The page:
Change your thoughts and you change your world.
~Norman Vincent Peale
It happens every year. You create a few resolutions that will hopefully get you back on track for the New Year. You follow through for a couple days, maybe even a couple of weeks. However, as time goes on, the enthusiasm fades and you’re right back where you started. How can you keep the momentum going and accomplish what you set out to do?
To initiate change and stay on your path, you must change the way you perceive your goals. Let’s take a look at the word resolution (re-solution). Resolution comes from Latin, meaning “to loosen or dissolve again,” which was the original meaning. So, it is about loosening your current perspective, transforming your old habits and thought patterns into something more productive.
Here are three tips for keeping your New Year’s resolutions:
1. Support your True Essence.
Rather than focusing on how something is going to happen, you will create actions that support your True Essence. This is the key to sustaining and spreading positive energy to help you move ahead.
When you examine your True Essence, you’ll find you are, at your deepest level, healthy, healed, whole, and complete. Learn to identify “should” behaviors that are not aligned with your core truth. “Should” behaviors are actions that you “should” be doing because of pressure from external sources, such as society, family, or friends. For example, you may go to the gym because your family wants you to be thin, yet you can’t meet this expectation. This inner conflict may trigger feelings, such as guilt or sadness. (As is often said in AA meetings, “Don’t should all over yourself.”)
When your emotions are triggered, receive three deep breaths and come back to the Present Moment. This will help you reconnect with your True Essence.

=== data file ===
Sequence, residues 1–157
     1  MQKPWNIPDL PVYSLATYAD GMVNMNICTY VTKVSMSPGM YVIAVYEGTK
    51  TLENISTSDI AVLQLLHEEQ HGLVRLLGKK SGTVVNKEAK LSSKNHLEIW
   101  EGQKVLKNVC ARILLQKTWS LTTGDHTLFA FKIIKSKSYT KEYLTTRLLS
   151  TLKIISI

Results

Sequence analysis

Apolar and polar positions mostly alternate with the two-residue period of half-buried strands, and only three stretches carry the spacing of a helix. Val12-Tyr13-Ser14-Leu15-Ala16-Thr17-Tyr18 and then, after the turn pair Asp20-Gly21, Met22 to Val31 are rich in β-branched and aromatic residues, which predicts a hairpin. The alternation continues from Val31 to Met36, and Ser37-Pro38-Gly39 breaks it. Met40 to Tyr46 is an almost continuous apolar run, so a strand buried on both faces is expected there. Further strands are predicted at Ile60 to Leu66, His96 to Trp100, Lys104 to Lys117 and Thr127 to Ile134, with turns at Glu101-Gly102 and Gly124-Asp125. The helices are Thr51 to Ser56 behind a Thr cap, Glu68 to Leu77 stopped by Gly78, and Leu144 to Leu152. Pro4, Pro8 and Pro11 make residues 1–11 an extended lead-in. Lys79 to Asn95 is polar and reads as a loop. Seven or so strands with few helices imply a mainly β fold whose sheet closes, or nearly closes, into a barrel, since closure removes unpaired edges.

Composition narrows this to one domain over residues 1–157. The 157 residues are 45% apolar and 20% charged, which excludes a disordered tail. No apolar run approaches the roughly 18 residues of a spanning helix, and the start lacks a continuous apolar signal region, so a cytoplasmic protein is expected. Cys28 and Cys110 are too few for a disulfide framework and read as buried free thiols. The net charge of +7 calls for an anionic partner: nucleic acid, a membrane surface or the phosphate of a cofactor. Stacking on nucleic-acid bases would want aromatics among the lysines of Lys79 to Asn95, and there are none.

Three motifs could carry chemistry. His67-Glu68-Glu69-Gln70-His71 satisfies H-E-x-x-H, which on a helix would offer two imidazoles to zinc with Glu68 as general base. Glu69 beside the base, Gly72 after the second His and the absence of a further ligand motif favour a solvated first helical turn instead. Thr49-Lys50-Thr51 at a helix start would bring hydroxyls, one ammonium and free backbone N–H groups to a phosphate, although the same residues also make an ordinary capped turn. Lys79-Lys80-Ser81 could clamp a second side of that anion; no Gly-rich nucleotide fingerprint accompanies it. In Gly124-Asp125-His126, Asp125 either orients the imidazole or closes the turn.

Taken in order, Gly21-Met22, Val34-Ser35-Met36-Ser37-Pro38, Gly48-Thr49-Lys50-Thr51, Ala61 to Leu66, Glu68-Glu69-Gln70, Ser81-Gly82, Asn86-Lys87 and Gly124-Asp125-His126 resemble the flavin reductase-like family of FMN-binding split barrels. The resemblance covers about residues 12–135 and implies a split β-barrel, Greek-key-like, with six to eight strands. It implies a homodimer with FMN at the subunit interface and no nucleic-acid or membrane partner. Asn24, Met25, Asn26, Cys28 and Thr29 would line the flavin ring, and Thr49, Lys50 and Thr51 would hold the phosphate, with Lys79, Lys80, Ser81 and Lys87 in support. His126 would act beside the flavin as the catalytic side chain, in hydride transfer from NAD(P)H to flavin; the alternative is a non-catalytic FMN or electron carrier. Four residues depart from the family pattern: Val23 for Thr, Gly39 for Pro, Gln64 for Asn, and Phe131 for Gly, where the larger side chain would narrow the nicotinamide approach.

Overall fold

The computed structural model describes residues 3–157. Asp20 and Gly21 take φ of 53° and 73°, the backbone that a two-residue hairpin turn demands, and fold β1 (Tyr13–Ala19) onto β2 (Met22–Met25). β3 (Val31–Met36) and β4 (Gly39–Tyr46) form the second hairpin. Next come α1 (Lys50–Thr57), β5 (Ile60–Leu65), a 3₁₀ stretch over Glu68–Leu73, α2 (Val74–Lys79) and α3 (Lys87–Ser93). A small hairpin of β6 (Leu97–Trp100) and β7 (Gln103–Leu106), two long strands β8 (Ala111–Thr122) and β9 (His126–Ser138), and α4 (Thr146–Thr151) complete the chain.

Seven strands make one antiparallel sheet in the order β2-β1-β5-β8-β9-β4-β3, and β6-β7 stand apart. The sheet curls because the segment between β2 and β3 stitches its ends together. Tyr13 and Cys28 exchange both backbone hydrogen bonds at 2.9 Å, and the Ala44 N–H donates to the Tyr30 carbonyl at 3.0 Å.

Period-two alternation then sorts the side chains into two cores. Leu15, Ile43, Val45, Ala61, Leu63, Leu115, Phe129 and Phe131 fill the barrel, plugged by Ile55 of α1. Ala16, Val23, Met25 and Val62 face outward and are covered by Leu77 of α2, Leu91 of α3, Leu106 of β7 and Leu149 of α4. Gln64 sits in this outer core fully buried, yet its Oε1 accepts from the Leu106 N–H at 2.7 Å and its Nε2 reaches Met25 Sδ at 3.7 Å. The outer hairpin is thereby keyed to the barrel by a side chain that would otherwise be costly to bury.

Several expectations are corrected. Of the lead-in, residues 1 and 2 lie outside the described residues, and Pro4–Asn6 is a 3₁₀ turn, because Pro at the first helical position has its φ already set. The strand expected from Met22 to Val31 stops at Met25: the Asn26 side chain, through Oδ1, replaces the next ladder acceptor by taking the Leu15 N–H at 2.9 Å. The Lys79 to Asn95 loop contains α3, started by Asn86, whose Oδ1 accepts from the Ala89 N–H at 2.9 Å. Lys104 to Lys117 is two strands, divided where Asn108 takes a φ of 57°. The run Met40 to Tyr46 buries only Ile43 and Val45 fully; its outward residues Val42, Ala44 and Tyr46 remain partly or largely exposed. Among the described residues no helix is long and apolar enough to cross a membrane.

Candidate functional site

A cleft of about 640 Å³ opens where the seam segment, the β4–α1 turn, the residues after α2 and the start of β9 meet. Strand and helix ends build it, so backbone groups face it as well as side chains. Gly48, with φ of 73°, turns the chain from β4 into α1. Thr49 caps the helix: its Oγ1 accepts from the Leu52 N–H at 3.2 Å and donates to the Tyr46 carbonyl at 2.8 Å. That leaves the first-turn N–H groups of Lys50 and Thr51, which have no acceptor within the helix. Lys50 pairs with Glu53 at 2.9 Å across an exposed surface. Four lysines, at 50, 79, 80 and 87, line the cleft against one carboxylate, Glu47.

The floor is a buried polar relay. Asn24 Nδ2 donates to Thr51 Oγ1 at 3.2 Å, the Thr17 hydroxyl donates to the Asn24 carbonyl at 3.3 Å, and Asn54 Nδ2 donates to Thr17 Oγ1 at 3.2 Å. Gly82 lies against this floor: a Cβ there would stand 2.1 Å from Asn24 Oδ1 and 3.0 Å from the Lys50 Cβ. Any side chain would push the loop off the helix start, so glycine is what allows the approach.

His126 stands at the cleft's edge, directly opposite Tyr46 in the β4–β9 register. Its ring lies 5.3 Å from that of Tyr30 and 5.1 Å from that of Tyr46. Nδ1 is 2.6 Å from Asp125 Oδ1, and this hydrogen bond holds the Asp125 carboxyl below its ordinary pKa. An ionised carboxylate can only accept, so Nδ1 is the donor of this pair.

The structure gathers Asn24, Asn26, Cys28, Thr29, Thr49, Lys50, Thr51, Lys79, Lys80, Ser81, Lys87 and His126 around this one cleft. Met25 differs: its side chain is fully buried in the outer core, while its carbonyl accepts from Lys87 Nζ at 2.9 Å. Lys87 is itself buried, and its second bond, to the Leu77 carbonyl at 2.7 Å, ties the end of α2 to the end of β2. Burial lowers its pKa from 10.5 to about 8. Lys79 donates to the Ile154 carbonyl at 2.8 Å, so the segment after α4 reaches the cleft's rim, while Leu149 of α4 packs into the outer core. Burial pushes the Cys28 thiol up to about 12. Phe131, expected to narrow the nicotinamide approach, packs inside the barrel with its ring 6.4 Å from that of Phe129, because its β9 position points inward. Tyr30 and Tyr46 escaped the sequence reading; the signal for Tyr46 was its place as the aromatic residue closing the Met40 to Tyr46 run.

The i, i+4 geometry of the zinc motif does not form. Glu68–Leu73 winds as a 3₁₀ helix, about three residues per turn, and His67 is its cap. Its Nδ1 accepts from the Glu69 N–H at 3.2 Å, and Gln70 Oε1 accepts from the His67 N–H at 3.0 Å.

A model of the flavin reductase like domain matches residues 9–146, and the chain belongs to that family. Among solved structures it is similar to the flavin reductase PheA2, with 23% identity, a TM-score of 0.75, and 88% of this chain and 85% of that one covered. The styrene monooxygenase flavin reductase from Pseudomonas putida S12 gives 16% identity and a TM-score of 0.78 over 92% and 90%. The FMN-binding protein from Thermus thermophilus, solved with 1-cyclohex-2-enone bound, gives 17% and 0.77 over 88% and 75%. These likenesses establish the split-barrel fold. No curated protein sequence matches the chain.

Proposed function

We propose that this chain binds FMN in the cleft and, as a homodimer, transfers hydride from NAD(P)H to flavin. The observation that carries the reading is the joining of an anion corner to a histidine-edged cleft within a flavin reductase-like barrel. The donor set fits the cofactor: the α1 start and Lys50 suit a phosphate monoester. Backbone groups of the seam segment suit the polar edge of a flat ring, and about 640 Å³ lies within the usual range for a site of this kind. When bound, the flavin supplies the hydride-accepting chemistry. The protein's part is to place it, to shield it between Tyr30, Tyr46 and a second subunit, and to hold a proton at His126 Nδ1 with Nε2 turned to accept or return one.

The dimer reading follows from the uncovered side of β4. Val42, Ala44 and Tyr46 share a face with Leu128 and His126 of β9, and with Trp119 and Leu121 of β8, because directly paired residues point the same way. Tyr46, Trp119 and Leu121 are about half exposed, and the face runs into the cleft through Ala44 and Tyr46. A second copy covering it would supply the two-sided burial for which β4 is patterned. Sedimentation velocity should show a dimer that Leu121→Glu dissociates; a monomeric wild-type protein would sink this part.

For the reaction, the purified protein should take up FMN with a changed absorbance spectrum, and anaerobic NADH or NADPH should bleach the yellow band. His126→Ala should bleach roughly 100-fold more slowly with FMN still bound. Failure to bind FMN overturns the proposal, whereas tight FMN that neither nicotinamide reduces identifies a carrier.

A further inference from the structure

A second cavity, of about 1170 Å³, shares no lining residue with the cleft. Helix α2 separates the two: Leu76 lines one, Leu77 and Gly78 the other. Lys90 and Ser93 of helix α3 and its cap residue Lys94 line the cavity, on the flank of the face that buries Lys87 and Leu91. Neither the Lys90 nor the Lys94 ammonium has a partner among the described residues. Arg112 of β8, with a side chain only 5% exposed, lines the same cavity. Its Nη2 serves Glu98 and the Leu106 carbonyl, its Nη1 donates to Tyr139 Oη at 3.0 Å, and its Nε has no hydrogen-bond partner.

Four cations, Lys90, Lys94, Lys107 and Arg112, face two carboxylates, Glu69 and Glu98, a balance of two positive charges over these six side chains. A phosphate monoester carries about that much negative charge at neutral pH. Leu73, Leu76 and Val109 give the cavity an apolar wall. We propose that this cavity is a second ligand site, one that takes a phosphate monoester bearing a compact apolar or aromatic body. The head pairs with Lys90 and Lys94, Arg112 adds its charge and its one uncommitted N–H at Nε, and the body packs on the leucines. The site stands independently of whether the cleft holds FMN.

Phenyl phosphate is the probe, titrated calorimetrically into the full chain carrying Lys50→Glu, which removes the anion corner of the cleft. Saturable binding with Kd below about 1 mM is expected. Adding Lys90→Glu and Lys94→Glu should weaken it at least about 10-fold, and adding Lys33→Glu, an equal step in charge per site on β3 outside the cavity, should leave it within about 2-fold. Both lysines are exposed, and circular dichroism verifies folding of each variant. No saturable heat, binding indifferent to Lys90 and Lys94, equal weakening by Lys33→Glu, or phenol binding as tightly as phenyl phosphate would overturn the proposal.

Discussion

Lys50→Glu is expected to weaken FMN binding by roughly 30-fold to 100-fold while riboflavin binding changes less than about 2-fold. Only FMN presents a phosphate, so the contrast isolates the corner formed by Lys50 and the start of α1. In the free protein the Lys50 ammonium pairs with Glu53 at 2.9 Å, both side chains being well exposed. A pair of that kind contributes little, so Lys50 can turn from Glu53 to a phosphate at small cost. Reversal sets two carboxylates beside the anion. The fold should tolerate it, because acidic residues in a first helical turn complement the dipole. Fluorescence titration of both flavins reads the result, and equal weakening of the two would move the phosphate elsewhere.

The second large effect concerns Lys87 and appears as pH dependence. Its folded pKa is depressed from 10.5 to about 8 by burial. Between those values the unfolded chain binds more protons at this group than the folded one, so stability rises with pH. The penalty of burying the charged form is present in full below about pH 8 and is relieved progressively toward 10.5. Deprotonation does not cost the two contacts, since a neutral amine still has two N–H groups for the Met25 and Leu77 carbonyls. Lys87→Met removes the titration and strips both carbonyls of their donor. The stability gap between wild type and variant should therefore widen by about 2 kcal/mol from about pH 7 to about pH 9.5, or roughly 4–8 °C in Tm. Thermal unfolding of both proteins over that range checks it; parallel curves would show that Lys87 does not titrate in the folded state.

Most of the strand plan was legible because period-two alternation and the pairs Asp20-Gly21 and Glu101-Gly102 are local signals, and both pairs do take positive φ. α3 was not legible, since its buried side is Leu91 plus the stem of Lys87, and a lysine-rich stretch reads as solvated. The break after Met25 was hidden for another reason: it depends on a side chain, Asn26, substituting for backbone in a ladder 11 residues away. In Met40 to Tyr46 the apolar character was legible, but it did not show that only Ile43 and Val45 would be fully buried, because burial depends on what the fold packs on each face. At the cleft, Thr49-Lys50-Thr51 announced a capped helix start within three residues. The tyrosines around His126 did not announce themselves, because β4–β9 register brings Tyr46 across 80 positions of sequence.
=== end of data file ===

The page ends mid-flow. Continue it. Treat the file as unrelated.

2. Change your thoughts.
In order for a change to take place, you must change your thoughts. This means discovering what your thoughts are and changing them so that you support your True Essence.
In your journal, keep track of your thoughts throughout the day. You may notice that you have thoughts about devaluing yourself, which will ultimately sabotage your progress. Next, meet yourself where you are and go a little higher. Begin with your belief and ask that your belief be raised. These are called Progressive Affirmations. For example, you may write the following:
- I need help remembering I am loved.
- I am beginning to remember I am loved.
- I am remembering more and more I am loved.
- I am seeing evidence I am loved.
- I am seeing more and more evidence I am loved.
3. Look for Positive Evidence.
During the day, notice positive evidence that supports your Progressive Affirmations. Make a note of what occurred that validated your affirmation. For example, if someone spoke respectfully to you, highlight it in your journal. Also, notice any positive change that takes place in your thoughts, emotions, and body. Answer these three questions in your journal:
- What are my thoughts?
- What are my feelings?
- What is showing up in my body? What physical sensations am I having?
For change to occur, you must look within, at the foundational thought patterns that initiate behavior. When your thoughts change, you will see your authentic self, and your outer world will be a reflection of your inner beauty.